Why Isn’t New York City Promoting Morning-After Meds?
Last Wednesday, in scorching midday heat, about twenty members of the longtime HIV/AIDS activist group ACT UP held a protest in front of Mt. Sinai Medical Center’s entrance at Madison Avenue and 100th St., their shirts soaked in sweat. They carried posters reading “Why Didn’t Your E.R. Know About HIV Morning-After Drugs?” and “How Many More Infected Before You Get It Right?” Walking in a circle, they chanted: “What do we want? PEP on demand. When do we want it? Now!”
Passersby, when I asked them, generally had no idea what PEP was. Nearby, Mt. Sinai staffers on their lunch break watched the protest impassively. “There was a mix-up that night,” said a female employee who asked not to be named. “We’ve never had a problem with this before.”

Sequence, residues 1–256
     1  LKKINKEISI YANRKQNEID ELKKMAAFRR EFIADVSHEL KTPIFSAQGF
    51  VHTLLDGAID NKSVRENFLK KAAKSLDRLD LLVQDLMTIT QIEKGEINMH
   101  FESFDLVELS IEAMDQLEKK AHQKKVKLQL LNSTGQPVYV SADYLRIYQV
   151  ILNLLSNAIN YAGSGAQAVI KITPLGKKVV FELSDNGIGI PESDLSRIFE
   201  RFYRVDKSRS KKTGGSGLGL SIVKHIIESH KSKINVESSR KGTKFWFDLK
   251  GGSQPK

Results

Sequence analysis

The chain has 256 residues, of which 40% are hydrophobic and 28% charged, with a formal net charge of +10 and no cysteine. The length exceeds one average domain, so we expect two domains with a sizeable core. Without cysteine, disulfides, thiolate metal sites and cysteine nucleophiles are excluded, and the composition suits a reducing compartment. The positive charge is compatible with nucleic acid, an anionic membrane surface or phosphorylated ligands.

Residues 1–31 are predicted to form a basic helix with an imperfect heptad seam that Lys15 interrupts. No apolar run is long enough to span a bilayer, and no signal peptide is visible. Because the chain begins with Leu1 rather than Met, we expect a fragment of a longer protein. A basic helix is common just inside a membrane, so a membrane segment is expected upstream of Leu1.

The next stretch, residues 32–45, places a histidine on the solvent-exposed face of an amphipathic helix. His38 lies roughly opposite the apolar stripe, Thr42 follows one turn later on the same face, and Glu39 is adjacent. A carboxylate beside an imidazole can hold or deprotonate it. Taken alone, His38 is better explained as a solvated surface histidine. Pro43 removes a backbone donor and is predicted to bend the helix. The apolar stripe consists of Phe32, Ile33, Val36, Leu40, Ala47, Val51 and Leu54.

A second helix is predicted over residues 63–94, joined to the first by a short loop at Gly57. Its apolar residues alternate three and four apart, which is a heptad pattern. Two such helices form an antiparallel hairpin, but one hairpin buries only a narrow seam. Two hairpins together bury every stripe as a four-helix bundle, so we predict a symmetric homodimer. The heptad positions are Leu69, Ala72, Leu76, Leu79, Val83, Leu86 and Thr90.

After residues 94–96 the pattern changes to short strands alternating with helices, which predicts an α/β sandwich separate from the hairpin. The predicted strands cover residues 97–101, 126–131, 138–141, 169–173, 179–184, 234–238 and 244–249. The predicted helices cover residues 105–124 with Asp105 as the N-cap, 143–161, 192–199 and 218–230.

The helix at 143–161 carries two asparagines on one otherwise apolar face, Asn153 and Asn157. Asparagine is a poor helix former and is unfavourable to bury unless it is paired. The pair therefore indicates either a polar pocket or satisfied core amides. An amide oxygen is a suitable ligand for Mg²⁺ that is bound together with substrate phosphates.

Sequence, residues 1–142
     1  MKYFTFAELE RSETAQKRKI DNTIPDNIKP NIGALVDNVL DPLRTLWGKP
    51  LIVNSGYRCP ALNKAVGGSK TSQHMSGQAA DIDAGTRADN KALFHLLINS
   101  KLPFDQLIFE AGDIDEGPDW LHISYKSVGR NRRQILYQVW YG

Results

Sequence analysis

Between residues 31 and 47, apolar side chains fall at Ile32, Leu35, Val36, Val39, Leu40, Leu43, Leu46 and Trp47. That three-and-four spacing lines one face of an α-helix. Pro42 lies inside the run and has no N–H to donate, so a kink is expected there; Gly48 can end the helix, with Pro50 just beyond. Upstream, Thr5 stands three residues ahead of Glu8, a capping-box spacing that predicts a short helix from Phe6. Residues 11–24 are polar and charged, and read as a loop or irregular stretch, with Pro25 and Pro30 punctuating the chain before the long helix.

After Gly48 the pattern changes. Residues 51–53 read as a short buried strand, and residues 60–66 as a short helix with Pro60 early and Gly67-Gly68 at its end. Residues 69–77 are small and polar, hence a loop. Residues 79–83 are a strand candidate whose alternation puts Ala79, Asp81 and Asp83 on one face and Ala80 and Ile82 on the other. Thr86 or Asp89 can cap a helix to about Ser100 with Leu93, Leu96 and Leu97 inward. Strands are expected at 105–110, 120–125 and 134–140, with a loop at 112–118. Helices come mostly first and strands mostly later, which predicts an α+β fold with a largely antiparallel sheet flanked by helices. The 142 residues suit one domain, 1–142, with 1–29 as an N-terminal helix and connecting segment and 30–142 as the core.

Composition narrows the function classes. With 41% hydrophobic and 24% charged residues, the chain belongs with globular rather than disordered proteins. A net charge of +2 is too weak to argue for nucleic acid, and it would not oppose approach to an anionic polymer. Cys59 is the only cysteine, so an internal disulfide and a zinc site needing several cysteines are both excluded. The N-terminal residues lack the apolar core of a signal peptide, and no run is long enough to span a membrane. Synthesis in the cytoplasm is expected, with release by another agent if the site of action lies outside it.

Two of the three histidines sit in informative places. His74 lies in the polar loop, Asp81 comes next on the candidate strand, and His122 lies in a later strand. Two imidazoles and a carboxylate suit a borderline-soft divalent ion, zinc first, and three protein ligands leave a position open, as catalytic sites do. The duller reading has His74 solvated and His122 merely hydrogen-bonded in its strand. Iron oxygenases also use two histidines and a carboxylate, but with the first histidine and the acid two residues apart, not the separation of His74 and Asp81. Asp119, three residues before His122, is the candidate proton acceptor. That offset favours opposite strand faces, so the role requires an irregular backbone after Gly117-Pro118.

Well, what is PEP? Short for “post-exposure prophylaxis,” it is the practice of starting a month-long course of HIV meds within 72 hours of possible exposure to the virus to prevent permanent infection. In 2005, the U.S. Centers for Disease Control issued evidence of PEP’s effectiveness plus guidelines for PEP usage, and the New York State health department did the same in 2008 – and again as recently as this year – for ERs throughout the state, requiring them to administer PEP to medically qualified patients who request it.